Dr. Kosj Yamoah, chief resident in the radiation oncology department at Thomas Jefferson University in Philadelphia notes, “Our study shows that African-American men who are diagnosed with a low-grade cancer at first — the cancers that are sometimes watched rather than treated — are more likely to develop aggressive disease sooner than Caucasian men.” Seven years after surgery, 90 percent of Caucasians had good disease control while only 79 percent of African-Americans could make the same claim. As a result, a universal approach for prostate health literature will not address critical issues that African-American patients need to realize the desired ROI on patient engagement strategies.

What are their attitudes towards healthcare?

Even with a clear view of the geographic and demographic segments your health literature is targeting, your message might still go off the mark. That’s because individuals are unique regardless of shared physical or geographic characteristics — and you need to understand what motivates them, who influences them and how they behave in order to engage patients effectively. The proprietary c2b solutions’ psychographic segmentation model breaks down target audiences by their attitudes towards health and wellness. The five groups include:

  • Balance Seekers – Proactive and wellness oriented, likes options and choices but believes a healthcare professional is only one information source among many to consider in determining a course of action
  • Willful Endurers - Reactive and often disengaged with health, lives for the moment and does not change their habits very easily.
  • Priority Jugglers – Put family or work ahead of their own health.  Reactive toward health for themselves, but proactive in making sure their loved ones get the care they need.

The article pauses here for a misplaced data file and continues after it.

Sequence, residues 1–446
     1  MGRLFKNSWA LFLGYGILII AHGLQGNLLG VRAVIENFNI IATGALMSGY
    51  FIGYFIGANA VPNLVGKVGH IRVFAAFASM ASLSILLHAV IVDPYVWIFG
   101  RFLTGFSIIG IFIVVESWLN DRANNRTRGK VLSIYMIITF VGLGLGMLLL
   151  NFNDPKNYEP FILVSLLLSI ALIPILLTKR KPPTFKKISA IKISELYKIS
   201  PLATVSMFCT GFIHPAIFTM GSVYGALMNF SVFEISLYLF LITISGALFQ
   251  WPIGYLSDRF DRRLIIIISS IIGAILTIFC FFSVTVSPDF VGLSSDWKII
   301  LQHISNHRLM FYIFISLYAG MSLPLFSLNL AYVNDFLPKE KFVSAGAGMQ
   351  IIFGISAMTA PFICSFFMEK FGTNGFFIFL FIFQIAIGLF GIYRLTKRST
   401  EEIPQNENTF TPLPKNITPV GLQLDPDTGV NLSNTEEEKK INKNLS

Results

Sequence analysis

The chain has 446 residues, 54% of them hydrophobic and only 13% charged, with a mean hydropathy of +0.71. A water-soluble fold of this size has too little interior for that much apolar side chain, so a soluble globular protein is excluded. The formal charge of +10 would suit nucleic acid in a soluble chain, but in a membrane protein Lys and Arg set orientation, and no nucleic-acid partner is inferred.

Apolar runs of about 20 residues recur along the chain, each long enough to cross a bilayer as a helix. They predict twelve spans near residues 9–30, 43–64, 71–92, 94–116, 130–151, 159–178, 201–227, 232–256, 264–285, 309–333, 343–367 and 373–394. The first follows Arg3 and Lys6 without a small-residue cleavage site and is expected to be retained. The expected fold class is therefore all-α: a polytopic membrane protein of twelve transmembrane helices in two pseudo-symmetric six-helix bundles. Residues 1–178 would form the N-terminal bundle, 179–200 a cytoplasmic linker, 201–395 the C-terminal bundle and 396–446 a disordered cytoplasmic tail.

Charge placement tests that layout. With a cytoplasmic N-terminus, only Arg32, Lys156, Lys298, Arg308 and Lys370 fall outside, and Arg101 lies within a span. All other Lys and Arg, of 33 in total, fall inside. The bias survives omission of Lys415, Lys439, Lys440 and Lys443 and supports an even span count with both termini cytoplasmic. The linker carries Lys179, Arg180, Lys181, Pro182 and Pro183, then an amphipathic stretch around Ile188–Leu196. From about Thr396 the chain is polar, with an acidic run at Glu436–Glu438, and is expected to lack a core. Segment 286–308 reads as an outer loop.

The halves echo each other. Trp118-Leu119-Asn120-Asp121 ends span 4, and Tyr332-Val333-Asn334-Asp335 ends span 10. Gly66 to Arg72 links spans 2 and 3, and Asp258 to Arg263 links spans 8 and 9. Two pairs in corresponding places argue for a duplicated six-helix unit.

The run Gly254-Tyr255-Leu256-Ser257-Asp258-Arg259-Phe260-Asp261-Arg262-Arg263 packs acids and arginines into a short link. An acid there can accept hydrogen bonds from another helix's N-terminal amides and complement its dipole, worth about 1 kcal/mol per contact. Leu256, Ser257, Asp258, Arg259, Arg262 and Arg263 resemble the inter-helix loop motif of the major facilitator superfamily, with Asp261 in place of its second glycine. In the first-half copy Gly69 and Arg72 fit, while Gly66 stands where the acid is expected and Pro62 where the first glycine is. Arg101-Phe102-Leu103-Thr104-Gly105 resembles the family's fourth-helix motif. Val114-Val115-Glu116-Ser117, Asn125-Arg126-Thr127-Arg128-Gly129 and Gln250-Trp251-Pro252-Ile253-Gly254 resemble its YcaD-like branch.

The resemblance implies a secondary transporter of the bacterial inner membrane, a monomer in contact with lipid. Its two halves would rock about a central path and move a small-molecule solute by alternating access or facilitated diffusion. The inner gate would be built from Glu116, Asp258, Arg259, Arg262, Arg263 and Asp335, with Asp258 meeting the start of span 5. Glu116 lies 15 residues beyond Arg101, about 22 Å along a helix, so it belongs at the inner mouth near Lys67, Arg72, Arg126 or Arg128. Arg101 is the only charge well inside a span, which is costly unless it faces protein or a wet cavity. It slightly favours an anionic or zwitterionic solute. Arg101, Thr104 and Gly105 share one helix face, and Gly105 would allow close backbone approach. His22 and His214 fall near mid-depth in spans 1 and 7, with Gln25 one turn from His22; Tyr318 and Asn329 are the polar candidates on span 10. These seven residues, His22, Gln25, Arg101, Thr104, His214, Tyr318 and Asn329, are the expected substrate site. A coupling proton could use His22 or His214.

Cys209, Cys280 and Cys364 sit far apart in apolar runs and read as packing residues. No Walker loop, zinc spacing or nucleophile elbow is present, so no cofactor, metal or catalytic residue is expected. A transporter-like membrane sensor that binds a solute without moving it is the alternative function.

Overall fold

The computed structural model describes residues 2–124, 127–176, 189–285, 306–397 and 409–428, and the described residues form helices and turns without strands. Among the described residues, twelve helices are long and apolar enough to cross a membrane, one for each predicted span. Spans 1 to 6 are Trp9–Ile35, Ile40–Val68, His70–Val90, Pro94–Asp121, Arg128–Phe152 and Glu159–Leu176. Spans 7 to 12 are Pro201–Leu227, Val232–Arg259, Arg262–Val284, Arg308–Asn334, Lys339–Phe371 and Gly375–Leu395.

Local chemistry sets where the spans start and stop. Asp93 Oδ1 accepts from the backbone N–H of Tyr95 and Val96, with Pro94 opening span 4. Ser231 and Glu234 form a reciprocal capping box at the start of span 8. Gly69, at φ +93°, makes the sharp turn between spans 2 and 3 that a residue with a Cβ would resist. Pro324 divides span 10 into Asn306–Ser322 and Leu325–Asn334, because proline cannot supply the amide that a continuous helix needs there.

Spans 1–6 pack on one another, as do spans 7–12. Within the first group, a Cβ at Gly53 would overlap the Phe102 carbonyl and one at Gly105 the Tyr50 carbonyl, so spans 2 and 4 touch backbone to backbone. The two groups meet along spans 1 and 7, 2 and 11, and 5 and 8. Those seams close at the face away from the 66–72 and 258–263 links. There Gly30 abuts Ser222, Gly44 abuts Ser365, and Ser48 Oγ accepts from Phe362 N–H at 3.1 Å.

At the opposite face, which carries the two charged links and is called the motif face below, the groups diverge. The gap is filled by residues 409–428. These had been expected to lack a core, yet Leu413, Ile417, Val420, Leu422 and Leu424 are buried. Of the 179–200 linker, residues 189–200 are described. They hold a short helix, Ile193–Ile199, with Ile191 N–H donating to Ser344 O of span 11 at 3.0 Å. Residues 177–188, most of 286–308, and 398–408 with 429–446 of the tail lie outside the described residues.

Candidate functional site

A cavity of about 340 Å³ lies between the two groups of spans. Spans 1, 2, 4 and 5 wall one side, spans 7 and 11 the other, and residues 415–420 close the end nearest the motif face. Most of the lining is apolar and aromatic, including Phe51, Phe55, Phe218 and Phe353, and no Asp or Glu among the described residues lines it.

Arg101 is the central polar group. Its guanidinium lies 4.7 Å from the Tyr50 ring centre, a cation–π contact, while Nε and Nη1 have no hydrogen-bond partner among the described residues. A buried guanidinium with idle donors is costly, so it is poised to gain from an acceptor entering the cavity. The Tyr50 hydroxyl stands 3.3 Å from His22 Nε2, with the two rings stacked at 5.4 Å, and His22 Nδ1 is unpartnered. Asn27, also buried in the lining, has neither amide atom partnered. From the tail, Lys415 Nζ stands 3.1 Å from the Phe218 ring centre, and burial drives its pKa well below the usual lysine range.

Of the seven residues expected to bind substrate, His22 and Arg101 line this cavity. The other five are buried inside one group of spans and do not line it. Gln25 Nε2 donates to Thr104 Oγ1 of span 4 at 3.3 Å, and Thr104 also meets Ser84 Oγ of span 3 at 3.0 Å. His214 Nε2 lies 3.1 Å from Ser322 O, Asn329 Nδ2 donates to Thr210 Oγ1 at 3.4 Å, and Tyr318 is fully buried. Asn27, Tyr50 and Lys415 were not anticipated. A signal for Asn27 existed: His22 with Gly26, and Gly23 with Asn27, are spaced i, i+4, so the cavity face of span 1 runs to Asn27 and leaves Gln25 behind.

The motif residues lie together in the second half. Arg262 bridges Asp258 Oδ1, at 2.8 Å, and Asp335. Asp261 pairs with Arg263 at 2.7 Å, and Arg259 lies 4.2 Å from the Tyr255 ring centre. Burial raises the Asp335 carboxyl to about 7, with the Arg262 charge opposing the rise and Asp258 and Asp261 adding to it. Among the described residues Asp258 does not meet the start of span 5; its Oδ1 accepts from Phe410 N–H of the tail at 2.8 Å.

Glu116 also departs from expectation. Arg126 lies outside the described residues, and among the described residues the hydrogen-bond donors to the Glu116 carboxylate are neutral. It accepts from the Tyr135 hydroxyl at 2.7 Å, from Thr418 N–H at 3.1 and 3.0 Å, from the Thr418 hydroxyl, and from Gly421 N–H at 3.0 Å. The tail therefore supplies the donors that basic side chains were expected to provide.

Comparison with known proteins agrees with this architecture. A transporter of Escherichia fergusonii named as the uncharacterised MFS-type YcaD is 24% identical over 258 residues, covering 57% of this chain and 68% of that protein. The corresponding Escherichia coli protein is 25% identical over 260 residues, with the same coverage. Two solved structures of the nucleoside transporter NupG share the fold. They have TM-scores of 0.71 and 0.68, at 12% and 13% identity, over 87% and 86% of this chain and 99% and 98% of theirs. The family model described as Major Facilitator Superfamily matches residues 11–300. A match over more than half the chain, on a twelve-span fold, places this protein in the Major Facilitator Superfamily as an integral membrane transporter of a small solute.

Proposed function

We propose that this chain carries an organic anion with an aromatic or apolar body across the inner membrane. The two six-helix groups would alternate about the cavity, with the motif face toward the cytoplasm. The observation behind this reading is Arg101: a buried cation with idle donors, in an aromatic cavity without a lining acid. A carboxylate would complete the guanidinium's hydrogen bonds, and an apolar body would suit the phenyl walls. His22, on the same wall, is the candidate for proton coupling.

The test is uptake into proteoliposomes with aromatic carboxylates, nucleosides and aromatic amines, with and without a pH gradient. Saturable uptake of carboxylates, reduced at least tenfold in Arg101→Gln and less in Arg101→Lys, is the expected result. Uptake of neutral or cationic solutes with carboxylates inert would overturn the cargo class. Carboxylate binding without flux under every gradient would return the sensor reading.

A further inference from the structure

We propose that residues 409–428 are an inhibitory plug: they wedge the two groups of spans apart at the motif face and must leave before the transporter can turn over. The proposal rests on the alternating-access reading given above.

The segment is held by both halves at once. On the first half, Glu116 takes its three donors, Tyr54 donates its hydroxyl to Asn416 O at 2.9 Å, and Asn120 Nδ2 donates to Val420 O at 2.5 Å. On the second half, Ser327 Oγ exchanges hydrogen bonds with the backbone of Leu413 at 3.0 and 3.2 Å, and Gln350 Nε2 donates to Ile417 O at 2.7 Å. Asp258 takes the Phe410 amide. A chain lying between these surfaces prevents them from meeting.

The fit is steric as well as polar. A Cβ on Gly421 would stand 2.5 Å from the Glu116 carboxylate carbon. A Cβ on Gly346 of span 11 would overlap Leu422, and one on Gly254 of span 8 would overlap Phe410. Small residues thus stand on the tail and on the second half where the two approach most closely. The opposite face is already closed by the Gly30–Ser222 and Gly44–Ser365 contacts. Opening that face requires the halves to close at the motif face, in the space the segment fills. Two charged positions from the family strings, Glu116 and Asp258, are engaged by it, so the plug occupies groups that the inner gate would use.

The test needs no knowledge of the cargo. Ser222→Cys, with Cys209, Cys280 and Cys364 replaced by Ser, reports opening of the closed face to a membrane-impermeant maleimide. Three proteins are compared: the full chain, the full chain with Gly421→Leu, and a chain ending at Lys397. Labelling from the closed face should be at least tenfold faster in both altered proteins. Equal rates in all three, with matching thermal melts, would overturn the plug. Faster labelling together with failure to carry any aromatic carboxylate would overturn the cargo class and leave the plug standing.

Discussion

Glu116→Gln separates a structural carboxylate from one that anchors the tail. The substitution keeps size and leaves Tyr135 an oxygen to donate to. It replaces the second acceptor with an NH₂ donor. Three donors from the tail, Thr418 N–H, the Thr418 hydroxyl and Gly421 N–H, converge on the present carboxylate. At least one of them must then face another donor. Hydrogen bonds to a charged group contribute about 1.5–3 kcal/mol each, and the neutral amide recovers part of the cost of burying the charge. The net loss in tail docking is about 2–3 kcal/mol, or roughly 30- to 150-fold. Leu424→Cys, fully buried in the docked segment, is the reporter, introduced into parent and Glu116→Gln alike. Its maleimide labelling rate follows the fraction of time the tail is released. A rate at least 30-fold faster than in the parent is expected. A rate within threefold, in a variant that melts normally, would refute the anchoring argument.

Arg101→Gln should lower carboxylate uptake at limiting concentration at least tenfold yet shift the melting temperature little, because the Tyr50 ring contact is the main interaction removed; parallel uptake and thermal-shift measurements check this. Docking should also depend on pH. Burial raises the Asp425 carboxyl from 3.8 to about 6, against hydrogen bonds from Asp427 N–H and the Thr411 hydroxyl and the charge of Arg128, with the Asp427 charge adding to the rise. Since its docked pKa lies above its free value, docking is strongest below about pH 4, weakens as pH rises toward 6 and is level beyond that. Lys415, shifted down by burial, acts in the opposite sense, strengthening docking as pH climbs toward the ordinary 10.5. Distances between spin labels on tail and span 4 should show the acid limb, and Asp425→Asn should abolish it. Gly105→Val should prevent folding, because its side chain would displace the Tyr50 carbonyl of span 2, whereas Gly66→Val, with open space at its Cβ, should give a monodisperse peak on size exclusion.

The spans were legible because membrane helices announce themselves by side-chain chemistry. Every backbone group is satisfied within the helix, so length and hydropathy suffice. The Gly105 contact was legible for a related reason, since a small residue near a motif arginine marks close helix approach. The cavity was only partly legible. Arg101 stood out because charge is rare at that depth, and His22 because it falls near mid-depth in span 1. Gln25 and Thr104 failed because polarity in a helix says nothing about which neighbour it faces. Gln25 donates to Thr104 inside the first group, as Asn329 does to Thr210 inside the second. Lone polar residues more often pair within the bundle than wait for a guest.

• Self Achievers – The most proactive and wellness oriented of the segments.  Invests in their health and appearance and likes goals and benchmarks to measure progress against tasks.             
  • Direction Takers – Needs directive guidance from healthcare professionals.  Generally wants to follow clinicians’ advice, but may struggle if it’s difficult to incorporate into their routines.

Among these groups, for example, Willful Endurers, Self Achievers and Direction Takes are statistically more likely (95% confidence) to have prostate cancer than Balance Seekers, and directionally more likely than Priority Jugglers. Understanding how these psychographic segments vary in their motivations and communication preferences allows hospitals and other organizations to execute truly relevant patient engagement strategies that reach the right people with the right message at the right time. And that’s the kind of patient education that can lead to more positive outcomes for healthcare consumers.  

Psychographic Segmentation and its Practical Application in Patient Engagement and Behavior Change